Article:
As long as he remains prime minister, relations with any US president won't be easy.
"The most important interest today," he claims, "is to prevent Iran from continuing its clear effort to obtain nuclear weapons - weapons in the hands of a state that calls for our destruction and is bent on achieving its goal."- Advertisement -
Of course, he, other Israeli officials and US ones know Iran has no nuclear weapons program, doesn't plan one, threatens no one, and isn't hell bent to destroy Israel. Yet he keeps saying it. His bluster long ago wore thin. No wonder Obama, other US officials, and some Israeli ones are fed up with him.
He'll keep stressing red lines, he says. Without them, "Iranians would have no reason to stop their drive to obtain nuclear weapons." His bombast won't quit. Nor do supportive comments from other Likudnik hardliners.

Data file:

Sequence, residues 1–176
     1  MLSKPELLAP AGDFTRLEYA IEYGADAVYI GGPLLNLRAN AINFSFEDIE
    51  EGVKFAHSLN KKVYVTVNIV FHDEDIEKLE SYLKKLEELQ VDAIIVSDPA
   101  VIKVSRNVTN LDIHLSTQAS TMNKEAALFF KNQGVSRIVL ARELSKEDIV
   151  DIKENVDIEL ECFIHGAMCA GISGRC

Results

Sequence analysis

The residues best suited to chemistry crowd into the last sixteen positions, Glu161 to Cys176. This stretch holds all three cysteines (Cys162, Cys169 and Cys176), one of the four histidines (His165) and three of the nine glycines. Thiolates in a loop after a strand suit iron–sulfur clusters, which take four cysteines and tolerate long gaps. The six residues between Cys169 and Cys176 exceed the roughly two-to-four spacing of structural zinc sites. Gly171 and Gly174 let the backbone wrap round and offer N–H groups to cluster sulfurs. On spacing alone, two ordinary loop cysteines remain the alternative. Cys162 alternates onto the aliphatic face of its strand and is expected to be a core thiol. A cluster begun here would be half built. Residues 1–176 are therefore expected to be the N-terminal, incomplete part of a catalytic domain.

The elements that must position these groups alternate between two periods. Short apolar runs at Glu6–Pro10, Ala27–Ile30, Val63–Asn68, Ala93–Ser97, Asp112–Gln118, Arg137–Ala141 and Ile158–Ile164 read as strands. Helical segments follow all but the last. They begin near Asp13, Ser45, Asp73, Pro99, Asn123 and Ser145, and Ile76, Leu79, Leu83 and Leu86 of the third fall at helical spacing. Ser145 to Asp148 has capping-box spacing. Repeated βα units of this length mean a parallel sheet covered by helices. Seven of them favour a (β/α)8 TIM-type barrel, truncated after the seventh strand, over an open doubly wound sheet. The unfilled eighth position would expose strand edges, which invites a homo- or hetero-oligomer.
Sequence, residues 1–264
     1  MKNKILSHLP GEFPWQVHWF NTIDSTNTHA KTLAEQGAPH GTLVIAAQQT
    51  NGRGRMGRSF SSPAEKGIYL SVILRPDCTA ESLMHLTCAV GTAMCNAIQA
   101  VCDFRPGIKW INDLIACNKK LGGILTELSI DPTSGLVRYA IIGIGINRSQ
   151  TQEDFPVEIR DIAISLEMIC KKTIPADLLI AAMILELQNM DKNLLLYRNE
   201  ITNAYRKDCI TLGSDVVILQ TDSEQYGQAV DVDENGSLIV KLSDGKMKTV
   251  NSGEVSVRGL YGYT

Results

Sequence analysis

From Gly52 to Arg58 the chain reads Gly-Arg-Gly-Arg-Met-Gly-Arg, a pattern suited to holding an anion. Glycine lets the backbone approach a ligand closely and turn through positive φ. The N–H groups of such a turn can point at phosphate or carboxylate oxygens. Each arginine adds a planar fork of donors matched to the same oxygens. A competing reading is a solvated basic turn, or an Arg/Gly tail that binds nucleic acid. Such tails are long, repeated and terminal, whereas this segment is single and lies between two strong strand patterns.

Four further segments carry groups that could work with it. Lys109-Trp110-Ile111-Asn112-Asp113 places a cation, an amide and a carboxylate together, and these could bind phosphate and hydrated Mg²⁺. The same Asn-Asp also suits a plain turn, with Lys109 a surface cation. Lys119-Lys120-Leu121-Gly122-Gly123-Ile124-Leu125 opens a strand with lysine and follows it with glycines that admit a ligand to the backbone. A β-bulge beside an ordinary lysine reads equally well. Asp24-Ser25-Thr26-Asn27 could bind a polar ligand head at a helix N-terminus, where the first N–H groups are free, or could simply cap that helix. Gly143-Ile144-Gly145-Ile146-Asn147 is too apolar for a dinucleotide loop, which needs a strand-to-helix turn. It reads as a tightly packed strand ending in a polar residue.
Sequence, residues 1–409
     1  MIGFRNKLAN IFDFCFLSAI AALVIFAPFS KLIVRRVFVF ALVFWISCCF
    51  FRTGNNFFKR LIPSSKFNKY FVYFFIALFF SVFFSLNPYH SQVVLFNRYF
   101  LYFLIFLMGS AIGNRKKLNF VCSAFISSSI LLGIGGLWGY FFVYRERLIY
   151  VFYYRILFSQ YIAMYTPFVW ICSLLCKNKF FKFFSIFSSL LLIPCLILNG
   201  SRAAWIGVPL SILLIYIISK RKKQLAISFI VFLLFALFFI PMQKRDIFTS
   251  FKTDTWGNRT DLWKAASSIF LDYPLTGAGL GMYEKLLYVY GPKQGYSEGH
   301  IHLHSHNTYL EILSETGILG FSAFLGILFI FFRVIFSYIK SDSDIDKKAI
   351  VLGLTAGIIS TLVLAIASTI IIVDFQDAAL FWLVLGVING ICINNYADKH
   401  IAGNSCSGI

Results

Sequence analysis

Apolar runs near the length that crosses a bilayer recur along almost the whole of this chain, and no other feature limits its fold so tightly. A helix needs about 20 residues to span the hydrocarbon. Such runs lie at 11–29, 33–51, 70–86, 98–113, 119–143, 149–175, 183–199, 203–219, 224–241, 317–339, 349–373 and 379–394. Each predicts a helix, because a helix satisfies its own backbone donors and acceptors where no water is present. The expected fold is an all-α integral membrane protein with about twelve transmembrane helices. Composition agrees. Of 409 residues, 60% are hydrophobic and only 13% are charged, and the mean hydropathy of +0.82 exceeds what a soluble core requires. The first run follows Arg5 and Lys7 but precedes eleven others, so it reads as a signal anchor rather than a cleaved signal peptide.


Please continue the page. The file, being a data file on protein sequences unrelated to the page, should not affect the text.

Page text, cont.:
Opposition leader Shaul Mofaz blamed him for strained US/Israeli relation. "Throughout Israel's history," he said, "the drums of war have never beaten so incessantly as during these days."
Jonathan Cook calls America's special relationship with Israel more myth than reality. It's been "propagated by politicians to mask the suspicion - and plentiful examples of duplicity and betrayal - that have marked the relationship since Israel's founding."
"Politicians may prefer to express undying love for Israel, and hand over billions of dollars annually in aid, but the US security establishment has - at least, in private - always regarded Israel as an unfaithful partner."
Disagreement over Iran is palpable. It's more about timing than intent. At the same time, officials in both countries strongly oppose war. They know potential consequences are too catastrophic to risk.